Support the news
The epic battle over Boeing moving manufacturing of the 787 Dreamliner from Washington State to South Carolina.
When mighty Boeing set out to build its new 787 Dreamliner aircraft, it laid out big manufacturing plans for South Carolina, a right-to-work state where unions are not strong.
Boeing put up a billion-dollar factory in Charleston, and South Carolina celebrated. This summer, the National Labor Relations Board said the huge new plant is illegal, built to punish union workers in Washington State –- and asked a judge to order Boeing production back to Puget Sound.
Now, an epic battle is raging over law, ideology, rights, and raw power.
This hour On Point: the raging battle over Boeing.
Steven Greenhouse, labor and workplace correspondent for the New York Times.
Douglas Woodward, professor of economics at the University of South Carolina business school.
Harley Shaiken, professor at the University of California, Berkeley who specializes in labor issues.
Richard Epstein, professor of law at New York University, senior fellow at the Hoover Institution, and senior lecturer at the University of Chicago Law School.
From Tom's Reading List
Slate "There's a fine line between congressional oversight and congressional overreach, but I think it's safe to say that Rep. Darrell Issa, R-Calif., chairman of the House Committee on Oversight and Government Reform, has well and truly crossed it. His crusade against the National Labor Relations Board—a crusade that puts basic tenets of due process, judicial independence, and workers' rights at risk—makes sense only if you are a subscriber to the nihilist worldview that virtually all government agencies are corrupt, socialist minions of Obama."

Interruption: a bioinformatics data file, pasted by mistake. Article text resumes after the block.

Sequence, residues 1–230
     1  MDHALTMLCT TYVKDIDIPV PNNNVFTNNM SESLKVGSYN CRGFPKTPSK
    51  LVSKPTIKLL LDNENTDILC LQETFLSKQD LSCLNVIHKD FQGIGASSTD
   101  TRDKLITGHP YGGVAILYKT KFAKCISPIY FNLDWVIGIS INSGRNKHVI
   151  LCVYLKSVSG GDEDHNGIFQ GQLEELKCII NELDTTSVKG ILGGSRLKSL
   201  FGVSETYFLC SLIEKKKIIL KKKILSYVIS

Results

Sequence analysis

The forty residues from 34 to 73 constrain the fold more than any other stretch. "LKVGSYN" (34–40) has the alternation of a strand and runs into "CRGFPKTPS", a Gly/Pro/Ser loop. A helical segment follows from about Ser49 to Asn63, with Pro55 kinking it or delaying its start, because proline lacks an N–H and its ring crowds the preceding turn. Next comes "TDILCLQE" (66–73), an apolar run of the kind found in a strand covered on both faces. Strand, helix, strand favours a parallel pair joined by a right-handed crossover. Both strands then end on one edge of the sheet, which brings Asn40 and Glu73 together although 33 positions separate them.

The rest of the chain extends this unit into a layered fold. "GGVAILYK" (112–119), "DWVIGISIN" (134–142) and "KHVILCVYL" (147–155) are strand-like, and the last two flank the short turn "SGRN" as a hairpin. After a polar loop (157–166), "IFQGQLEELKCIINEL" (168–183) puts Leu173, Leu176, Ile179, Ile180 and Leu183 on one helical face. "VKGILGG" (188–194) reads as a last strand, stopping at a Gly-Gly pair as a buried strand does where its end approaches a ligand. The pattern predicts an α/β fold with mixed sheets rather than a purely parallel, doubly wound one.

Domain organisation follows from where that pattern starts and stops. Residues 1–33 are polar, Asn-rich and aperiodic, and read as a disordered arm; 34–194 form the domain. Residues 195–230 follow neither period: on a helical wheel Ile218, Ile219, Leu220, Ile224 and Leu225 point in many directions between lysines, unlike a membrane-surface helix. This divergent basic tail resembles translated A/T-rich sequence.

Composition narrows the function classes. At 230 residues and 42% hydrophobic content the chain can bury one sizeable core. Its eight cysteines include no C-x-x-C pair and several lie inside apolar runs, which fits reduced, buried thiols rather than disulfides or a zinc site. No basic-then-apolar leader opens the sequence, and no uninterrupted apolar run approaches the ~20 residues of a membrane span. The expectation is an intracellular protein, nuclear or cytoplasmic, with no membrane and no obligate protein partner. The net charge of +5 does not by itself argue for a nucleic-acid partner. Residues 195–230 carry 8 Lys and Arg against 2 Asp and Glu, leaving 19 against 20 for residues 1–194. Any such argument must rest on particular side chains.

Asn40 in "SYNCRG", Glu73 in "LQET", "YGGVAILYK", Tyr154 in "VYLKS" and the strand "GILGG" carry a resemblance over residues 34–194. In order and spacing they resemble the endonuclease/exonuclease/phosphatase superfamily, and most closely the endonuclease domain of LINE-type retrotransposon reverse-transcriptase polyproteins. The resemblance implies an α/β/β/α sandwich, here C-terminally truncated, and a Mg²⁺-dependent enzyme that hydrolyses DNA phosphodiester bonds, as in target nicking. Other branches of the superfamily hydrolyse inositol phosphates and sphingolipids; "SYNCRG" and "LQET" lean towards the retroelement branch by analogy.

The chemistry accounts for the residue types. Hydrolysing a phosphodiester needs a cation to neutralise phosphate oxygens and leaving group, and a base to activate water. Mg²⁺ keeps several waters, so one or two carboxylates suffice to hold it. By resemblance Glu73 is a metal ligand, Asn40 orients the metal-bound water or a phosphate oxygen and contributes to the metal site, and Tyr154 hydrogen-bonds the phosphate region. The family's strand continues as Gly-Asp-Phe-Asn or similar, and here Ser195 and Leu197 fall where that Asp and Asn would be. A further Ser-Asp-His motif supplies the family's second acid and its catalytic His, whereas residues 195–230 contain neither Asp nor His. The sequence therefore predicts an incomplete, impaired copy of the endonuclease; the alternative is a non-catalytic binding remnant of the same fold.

The New York Times "Boeing’s gigantic new $750 million airplane factory here is the pride of South Carolina, the biggest single investment ever made in a state that is far more associated with old-line textile mills than state-of-the-art manufacturing. In just a few weeks, 1,000 workers will begin assembling the first of what they hope will be hundreds of 787 Dreamliners. "
This program aired on August 18, 2011.
Support the news